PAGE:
Prabhat Kumar of the Communist Party of India (Marxists-Leninist) said the announcement “raises disturbing questions about the Modi government’s handling of strategic issues.”

He added that the DRDO had announced its ASAT capability seven years ago, questioning “why the Modi government chose this moment for this demonstration and this sensational manner to announce it.”

Kumar said the ruling Bharatiya Janata Party (BJP) “is worried about the growing prospect of its impending defeat, and wanted to use the DRDO’s defense capability to cloud the poll environment with the threat of a war.”

New Delhi-based political analyst Nilanjan Mukhopadhyay told Arab News: “The test shows Modi’s lack of confidence ahead of the election.”

The prime minister “is projecting himself as if he has the monopoly rights over protecting the nation,” Mukhopadhyay said.

“Modi is departing from the consistent policy of the Indian government not to militarize outer space,” he added.

“The BJP wants to play only a nationalistic narrative because it knows that if it allows economic issues to dominate the narrative, it will come a cropper (fail),” said the analyst, who has written a biography of Modi.

“I feel this is the way to counter the Congress Party’s poll promises of providing a basic minimum income to 50 million people.”

However, Bharat Karnad of the Centre for Policy Research, a New Delhi-based think tank, told Arab News: “This is a big achievement. It will deny the enemy, basically China, tactical information on the battlefield. The Chinese wouldn’t be able to use satellites in a war against India.”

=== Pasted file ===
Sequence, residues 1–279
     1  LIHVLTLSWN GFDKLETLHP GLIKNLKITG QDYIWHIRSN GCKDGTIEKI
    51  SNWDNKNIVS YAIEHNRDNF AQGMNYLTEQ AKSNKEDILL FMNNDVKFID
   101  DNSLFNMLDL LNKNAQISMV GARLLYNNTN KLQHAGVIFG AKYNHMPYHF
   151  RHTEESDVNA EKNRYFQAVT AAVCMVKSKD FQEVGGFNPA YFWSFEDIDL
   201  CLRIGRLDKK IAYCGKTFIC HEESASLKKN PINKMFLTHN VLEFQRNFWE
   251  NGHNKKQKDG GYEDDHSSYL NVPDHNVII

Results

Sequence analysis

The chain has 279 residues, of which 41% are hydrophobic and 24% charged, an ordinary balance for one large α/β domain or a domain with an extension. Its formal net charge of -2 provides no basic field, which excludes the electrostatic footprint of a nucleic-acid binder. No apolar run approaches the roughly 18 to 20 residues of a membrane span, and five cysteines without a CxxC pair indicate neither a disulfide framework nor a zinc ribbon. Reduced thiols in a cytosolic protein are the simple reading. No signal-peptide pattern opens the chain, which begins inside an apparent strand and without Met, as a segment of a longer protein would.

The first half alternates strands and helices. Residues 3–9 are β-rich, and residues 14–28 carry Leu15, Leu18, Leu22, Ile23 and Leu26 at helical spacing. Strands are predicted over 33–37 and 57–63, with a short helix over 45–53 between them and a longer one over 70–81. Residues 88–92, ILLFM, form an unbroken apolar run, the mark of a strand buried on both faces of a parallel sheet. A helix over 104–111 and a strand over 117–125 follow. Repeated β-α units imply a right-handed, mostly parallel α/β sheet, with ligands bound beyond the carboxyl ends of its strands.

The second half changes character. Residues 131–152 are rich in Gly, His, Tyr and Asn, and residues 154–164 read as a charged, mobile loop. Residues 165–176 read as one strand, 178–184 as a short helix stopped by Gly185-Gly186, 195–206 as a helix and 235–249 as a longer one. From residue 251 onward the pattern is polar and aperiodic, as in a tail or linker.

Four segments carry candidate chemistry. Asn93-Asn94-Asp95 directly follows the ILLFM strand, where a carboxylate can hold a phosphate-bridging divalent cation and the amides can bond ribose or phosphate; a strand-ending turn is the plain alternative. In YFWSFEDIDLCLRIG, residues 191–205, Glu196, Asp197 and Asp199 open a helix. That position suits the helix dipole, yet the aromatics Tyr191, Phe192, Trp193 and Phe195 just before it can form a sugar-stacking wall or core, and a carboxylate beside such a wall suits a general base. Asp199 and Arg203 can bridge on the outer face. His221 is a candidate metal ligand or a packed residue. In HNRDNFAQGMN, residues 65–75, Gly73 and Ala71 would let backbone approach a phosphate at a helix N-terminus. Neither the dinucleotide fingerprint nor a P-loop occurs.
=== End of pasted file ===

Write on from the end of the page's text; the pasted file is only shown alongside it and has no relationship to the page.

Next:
He added: “Like a good politician, Modi is using anything he can in the election season to win the election.”

India says it will ‘peacefully resolve’ border stand-off with China

Updated 28 May 2020

India says it will ‘peacefully resolve’ border stand-off with China

  • Development follows US President’s mediation in the dispute
  • Stand-off began in the first week of May when a scuffle broke out near Pangong Tso Lake

NEW DELHI: After weeks of a border stand-off between Indian and Chinese soldiers in the Himalayan region of Ladakh, New Delhi on Thursday announced it would resolve the matter diplomatically.

“India is engaged with China to peacefully resolve the matter. At the same time we remain firm in our resolve to ensuring India’s sovereignty and national security,” the Foreign Ministry said in a statement.